Storms and the Sea…how one could protect us from the other
“The world works in mysterious ways” is a phrase as old as time. Throughout our existence on planet Earth, many people have stepped forward to take charge of discovery; scientists are one such group that ventures bravely into the unknown on our behalf.
With such attention being paid to the Earth and its climate, many new theories are being drafted about our home in general. One such theory is that extreme storms are a key contributor to the detriment of coastal erosion. Of course, we often view storms as bad things, but do they have a bigger secret?
As always, we’re here to dive into the facts for you and give you the latest on Mother Nature’s whimsical methods.
Who’s Suggesting All Of This?
A clever man by the name of Dr Mitchell Harley – from the UNSW Water Research Laboratory – recently published his latest work: Nature Communications: Earth & Environment.
As part of an interview, Dr Harley tells of his first discoveries when putting the theory together. Thinking outside of the box, he began to investigate beneath the oceans instead of above them. Much of our attention is drawn to the surface during these events so this was some top-notch attention to detail!
What he discovered as part of this analysis, was that “hundreds of thousands of cubic meters of sand” was being shifted from beneath the waves, and seemed to be washing up on the nearby beaches. With time, he says, “this could potentially be enough to offset some of the impacts of sea-level rises caused by climate change”.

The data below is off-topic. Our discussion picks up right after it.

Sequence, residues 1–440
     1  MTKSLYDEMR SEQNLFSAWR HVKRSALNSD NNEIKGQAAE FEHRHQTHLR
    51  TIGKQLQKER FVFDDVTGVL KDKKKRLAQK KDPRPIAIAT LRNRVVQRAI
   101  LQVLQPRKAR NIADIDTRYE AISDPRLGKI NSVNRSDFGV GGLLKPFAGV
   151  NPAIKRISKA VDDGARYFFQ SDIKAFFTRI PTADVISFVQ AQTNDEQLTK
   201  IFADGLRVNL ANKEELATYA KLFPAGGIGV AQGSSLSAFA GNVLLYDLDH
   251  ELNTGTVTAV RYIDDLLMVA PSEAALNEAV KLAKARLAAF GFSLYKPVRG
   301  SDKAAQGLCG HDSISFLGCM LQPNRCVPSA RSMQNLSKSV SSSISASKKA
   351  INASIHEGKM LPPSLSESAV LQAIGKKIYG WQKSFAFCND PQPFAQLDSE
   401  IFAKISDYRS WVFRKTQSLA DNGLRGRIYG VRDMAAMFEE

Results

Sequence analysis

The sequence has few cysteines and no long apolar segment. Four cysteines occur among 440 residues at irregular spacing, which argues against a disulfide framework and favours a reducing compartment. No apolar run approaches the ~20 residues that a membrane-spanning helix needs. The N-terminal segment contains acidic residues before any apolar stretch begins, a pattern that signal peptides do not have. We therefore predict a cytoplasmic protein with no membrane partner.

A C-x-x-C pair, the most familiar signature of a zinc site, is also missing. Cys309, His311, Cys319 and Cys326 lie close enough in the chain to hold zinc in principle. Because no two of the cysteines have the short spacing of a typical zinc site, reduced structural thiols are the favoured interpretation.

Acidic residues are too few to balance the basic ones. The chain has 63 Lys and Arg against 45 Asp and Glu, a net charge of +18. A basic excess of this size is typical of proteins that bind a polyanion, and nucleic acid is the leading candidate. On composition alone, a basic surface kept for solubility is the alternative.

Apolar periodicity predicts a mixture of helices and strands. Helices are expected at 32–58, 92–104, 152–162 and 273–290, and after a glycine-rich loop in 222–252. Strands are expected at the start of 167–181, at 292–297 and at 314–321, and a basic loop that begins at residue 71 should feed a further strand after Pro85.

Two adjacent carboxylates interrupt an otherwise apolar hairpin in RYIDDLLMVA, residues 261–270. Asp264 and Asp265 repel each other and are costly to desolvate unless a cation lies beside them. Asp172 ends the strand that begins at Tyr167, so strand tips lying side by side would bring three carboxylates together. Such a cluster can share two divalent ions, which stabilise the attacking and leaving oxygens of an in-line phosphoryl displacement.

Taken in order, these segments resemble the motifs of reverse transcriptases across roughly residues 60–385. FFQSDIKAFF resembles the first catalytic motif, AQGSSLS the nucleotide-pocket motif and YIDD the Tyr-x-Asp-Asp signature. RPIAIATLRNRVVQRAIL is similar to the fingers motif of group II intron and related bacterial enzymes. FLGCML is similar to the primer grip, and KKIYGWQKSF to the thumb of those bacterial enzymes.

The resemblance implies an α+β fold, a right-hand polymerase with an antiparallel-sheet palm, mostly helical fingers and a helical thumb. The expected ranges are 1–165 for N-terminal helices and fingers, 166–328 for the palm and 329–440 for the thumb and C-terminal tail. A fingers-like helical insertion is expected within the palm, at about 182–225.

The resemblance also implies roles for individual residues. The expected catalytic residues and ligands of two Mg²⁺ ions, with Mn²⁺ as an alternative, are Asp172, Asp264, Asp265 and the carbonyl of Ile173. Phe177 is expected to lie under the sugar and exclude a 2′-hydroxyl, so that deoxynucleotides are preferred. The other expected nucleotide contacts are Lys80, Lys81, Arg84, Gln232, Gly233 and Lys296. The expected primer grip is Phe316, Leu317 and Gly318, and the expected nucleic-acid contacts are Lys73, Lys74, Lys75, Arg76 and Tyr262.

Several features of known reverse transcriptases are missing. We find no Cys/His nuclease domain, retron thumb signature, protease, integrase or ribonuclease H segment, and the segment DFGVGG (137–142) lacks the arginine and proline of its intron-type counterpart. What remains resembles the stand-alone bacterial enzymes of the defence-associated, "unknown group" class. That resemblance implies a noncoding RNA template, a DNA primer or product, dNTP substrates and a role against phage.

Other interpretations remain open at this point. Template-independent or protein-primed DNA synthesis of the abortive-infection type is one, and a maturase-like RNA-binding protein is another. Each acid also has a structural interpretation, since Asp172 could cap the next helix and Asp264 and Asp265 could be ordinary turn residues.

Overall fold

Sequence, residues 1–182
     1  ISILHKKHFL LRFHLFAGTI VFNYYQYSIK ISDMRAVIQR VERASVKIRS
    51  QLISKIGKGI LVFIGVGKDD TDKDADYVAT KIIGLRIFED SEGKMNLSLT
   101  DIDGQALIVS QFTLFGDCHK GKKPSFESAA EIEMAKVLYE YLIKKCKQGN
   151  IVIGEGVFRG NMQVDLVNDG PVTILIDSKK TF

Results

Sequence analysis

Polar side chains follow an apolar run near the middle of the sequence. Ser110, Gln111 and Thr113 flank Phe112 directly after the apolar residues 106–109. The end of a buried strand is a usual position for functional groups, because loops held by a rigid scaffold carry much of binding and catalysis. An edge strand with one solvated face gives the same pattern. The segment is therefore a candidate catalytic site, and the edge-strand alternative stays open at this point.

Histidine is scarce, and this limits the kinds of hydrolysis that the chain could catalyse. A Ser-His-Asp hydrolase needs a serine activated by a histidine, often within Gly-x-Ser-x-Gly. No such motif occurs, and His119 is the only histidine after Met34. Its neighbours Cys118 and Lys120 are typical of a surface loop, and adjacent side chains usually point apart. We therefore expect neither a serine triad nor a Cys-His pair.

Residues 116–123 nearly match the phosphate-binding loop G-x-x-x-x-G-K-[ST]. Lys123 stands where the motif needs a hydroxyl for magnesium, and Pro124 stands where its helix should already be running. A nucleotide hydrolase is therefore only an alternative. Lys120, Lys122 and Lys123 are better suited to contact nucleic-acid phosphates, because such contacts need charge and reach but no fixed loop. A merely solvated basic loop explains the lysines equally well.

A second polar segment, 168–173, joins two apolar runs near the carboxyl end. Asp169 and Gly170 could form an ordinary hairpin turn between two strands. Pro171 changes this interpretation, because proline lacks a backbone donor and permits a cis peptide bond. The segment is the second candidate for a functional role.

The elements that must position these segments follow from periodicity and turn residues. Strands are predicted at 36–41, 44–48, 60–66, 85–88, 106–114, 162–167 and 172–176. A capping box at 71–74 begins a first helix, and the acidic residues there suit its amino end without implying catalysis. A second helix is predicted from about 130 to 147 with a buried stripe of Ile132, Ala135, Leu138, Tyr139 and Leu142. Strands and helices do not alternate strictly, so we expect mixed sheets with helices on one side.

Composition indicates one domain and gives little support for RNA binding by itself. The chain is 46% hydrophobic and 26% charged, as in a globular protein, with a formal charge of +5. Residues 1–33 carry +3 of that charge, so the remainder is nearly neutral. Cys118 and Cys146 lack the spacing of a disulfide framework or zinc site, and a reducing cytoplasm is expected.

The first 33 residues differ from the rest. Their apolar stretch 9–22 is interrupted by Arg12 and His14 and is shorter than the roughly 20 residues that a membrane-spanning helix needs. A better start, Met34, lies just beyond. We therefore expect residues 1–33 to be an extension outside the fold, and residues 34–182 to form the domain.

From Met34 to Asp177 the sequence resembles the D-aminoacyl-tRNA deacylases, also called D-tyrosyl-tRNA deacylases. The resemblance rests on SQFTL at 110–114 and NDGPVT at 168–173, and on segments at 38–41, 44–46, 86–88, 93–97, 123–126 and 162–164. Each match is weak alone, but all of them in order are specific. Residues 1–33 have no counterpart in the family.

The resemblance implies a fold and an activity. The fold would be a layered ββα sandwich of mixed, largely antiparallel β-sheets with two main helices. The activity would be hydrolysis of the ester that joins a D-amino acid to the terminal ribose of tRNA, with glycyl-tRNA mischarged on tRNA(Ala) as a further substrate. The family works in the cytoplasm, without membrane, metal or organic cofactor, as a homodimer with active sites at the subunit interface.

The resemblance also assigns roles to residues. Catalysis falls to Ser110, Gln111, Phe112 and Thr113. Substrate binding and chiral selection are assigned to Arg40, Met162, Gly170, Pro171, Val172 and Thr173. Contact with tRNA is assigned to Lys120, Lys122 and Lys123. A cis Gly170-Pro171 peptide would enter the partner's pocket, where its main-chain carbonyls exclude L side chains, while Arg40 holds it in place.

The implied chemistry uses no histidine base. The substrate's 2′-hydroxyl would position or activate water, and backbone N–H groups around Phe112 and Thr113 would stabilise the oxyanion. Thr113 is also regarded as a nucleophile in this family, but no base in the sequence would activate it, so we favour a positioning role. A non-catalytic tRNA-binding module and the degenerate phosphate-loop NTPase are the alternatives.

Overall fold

Where Did These Studies Take Place?
Location 1 was in Australia.
Location 2 was in the United Kingdom.
Location 3 was in Mexico.
Each of these places, at their specified beaches, was rigorously monitored. At some points Dr Harley tells of using jet skis, measuring the sand below the water, just before a storm! Directly after, they would repeat the process of measuring, using this as the direct data for their investigation.
He quickly recounts the thrilling tale of capturing the data for the 2016 storm in Australia – yes, the one where the swimming pool was ripped into the air! Having the equipment and understanding to perform such quick measurements means that his findings are rather rock-solid.
The Big Win
The beach in the United Kingdom was Perranporth beach in Cornwall; people from different groups banded together to conduct the research which found some staggering results.
Despite the apparent erosion on the top of the beach, the study found that – due to storms – the “sand budget” (the amount of sand collected together at the beach) had actually increased by 420,000 cubic meters… Now that’s a lot of sand. This was a huge win for the theory, and now we finally have some natural hope for our beach’s futures
Fancy yourself as a bit of a scientist? You can find out more information at Science Daily, which provided a full report from the interview – using material provided directly by the university that conducted the study!